Family of 4 living, working & exploring the USA in our Airstream.
OUR BLOG | FACEBOOK | INSTAGRAM
BoldAdventure is offline   Reply With Quote
Old 11-18-2015, 11:10 AM   #7
PKI
Rivet Master
 
PKI's Avatar
 
2015 23' FB Flying Cloud
Walnut Creek , California
Join Date: May 2015
Posts: 2,025
Just as there is a difference between how vintage and modern boats are perceived, the experience of traveling in an AS is unique. The fifth wheel will be cheaper to buy, have more space to live and store your stuff, and be easier to find because there is a bigger inventory on the market. You won't have folks smile and say "I like your trailer" or stop you in a parking lot to talk about it.

Many AS owners don't find the smaller space a problem, because they tend to spend more time outside their trailers doing fun activities. An AS has good windows that let in light and provide a great view of the outdoors when you are enjoying an inside activity.

Ease/difficulty of towing may be over stated unless you fell that you must drive faster than 60-65. Being a cruising sailor, minimizing travel time may not be your driving objective.

In any case, good luck with your investigation. Pat
__________________
PKI is offline   Reply With Quote
Old 11-18-2015, 12:01 PM   #8
1 Rivet Member
 
Pensacola , Florida
Join Date: Nov 2015
Posts: 19
Well if the info I'm getting is accurate I think the airstream may have to wait till we have a home base and can use a smaller model for workamping or other temporary situations, the ease of a goose neck is kinda hard to turn away from here
__________________
rufus11381 is offline   Reply With Quote
Old 11-18-2015, 02:49 PM   #9
2 Rivet Member
 
2014 28' International
San Jose , California
Join Date: Jul 2014
Posts: 52
Smile

We have just recently passed the one year anniversary of living in an Airstream (28' Intl Sig). We are my spouse, me and German Shepherd Dog. I work remotely and we do workamper stuff in the winter. In that year we have had about 360 fantastic days. The other five weren't so bad; they just had equipment issues. At this juncture, I cannot imagine making any choice except the Airstream. With a shell on the bed of the trunk to serve as the garage, we have not encountered space problems - even with a solar panel and generators in the truck. Best of success and luck to you in your upcoming adventure.
__________________
Makaira is offline   Reply With Quote
Old 11-18-2015, 03:03 PM   #10
1 Rivet Member
 
Pensacola , Florida
Join Date: Nov 2015
Posts: 19
Makaira, does your airstream need the stabilizer and sway control gear?
__________________
rufus11381 is offline   Reply With Quote
Old 11-18-2015, 04:56 PM   #11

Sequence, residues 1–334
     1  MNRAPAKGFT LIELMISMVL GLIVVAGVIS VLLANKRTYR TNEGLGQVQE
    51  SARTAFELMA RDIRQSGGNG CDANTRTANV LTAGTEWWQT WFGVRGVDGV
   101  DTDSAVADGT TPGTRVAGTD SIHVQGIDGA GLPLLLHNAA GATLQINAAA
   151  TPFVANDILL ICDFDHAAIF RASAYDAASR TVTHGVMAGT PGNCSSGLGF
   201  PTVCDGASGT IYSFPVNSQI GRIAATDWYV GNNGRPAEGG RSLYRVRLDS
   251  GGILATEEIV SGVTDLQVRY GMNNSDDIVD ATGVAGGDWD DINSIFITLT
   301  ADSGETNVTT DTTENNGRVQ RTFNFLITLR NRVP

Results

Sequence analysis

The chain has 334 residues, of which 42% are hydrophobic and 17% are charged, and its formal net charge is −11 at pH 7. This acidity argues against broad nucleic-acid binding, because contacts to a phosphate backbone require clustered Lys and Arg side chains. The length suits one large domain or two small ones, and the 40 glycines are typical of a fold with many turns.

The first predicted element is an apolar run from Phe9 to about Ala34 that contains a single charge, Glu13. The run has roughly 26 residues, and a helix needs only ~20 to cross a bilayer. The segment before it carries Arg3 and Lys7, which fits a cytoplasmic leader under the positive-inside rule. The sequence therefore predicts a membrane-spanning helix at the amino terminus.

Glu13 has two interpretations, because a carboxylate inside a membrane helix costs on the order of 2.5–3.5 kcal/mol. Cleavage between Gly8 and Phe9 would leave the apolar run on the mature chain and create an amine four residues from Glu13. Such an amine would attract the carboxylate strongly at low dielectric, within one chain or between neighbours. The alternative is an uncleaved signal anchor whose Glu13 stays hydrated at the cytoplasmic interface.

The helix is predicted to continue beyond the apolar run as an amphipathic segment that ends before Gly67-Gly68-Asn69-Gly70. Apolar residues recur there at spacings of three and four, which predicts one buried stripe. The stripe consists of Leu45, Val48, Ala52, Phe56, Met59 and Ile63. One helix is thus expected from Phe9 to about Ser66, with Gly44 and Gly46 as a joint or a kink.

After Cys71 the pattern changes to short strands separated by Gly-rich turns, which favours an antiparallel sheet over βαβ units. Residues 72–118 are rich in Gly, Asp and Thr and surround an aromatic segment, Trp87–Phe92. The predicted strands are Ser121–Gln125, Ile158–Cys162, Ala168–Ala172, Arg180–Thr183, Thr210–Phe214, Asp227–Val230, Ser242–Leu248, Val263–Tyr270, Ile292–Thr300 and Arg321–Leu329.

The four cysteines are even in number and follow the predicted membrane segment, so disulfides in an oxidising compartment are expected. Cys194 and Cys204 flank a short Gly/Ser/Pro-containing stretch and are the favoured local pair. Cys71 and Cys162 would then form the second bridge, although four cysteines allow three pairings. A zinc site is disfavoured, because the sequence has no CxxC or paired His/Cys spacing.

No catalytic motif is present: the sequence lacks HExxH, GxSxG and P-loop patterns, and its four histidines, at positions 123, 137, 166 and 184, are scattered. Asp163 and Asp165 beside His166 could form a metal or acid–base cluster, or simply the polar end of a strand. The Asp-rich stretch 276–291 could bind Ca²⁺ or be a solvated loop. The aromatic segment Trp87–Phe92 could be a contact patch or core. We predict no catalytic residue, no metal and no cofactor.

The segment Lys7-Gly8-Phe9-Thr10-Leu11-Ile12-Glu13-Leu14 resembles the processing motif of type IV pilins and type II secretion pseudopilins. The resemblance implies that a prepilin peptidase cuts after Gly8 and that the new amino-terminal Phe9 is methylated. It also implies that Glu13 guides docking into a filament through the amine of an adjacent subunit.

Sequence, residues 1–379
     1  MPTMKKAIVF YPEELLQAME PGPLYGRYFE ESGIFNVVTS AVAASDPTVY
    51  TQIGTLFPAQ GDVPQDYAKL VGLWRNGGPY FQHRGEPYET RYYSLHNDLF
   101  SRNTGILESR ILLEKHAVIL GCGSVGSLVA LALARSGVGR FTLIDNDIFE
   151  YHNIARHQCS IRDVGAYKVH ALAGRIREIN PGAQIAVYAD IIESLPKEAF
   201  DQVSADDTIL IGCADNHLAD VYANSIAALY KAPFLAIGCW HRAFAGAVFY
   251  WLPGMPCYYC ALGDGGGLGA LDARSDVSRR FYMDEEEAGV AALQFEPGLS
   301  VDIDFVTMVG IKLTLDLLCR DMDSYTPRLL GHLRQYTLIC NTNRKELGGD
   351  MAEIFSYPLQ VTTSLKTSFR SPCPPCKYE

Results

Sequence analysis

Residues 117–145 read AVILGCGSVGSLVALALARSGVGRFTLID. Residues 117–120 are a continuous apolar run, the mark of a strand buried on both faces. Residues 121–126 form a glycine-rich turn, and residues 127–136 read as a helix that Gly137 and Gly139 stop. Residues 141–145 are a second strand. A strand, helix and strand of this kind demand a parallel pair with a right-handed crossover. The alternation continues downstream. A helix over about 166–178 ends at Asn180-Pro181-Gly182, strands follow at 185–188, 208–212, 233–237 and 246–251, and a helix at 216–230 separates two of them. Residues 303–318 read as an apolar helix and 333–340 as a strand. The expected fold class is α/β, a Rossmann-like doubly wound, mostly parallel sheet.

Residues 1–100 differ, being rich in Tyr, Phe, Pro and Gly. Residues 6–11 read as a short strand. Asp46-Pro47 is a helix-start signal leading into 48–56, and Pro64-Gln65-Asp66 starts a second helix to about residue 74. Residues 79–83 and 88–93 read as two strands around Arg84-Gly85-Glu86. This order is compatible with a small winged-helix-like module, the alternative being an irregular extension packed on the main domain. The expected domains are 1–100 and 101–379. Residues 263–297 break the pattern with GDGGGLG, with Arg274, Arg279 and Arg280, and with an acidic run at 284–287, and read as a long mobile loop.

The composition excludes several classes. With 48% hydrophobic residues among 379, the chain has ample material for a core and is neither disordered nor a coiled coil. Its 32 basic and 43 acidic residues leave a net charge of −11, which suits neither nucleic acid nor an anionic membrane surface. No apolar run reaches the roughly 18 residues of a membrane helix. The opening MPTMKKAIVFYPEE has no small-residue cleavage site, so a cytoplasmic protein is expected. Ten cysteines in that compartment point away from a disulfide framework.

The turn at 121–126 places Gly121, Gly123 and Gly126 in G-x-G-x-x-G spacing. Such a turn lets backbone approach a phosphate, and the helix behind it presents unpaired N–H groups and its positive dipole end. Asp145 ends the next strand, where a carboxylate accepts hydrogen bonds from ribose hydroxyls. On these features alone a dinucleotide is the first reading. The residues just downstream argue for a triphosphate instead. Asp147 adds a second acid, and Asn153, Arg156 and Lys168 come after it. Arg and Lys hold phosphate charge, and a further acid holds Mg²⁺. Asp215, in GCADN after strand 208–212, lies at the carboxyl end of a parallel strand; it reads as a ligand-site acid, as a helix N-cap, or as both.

Rivet Master
 
Currently Looking...
Sioux Falls , South Dakota
Join Date: Mar 2011
Posts: 843
Rufus, don't confuse a gooseneck trailer and a 5'er. A gooseneck uses something like a regular hitch ball, only it is in the truck bed directly over the differential. A 5'er uses a hitch that is more like what a semi uses. It is a separate steel structure, although it also mounts in the truck bed directly over the differential. Those things can weigh 500 pounds +/- and are pretty much a permanent thing. Should you trade trucks you can move it to the new truck, although some of the mounting hardware will have to change.

Some of the new high end 5'ers have an automatic hydraulic leveling system, similar to what is used on many motor homes. As far as I know, no Airstream has such a system. That's the only drawback to an Airstream. Otherwise, I'd rather have an Airstream.
__________________
David Lininger, kb0zke
TAC SD-6
AIR 54240
Heartland mpg 181 (sold)
1993 Foretravel U300 (for sale)
kb0zke is offline   Reply With Quote
Old 11-18-2015, 05:29 PM   #12
1 Rivet Member
 
Pensacola , Florida
Join Date: Nov 2015
Posts: 19
Already very familiar with the goose neck/fifth wheel differences, they perform relatively similar and most of the 5ers I've been looking at either have a goose neck adapter installed or included with the trailer lol
__________________
rufus11381 is offline   Reply With Quote
Old 11-18-2015, 05:31 PM   #13
1 Rivet Member
 
Pensacola , Florida
Join Date: Nov 2015
Posts: 19
Both the wife and I grew up in Oklahoma and have been around a lot of horse trailer rigs and farm equipment where if it's heavy enough to sway on a bumper pull it's already gonna be goose neck or 5er
__________________
rufus11381 is offline   Reply With Quote
Old 11-18-2015, 05:37 PM   #14
Rivet Master
 
Aerowood's Avatar

 
1971 21' Globetrotter
Arvada , Colorado
Join Date: May 2006
Posts: 2,841
Welcome from another A & P.
__________________

Aerowood is offline   Reply With Quote
Reply


Currently Active Users Viewing This Thread: 1 (0 members and 1 guests)
 
Thread Tools Search this Thread
Search this Thread:

Advanced Search
Display Modes

Posting Rules
You may not post new threads
You may not post replies
You may not post attachments
You may not edit your posts

BB code is On
Smilies are On
[IMG] code is On
HTML code is Off
Trackbacks are Off
Pingbacks are Off
Refbacks are Off


Similar Threads
Thread Thread Starter Forum Replies Last Post
Full Time Streamer versus other full time RVs rodsterinfl Full-Timing 31 01-18-2016 06:31 PM
FULL time Trailer or FULL time Motel? Ray Eklund Full-Timing, Winter Living & Workamping 40 07-06-2015 07:11 AM
Joining the airstream family bunnyfamily Our Community 10 02-04-2013 07:35 PM
74 overlander family of 5 fixin to full time casitaplata Member Introductions 1 12-06-2009 12:51 PM
Family Travel in Our Future mrs.vlad Member Introductions 2 02-21-2007 07:18 PM


Virginia Campgrounds

Reviews provided by




Copyright 2002- Social Knowledge, LLC All Rights Reserved.

All times are GMT -6. The time now is 05:02 AM.


Powered by vBulletin® Version 3.8.8 Beta 1
Copyright ©2000 - 2017, Jelsoft Enterprises Ltd.

Airstream is a registered trademark of Airstream Inc. All rights reserved. Airstream trademark used under license to Social Knowledge LLC.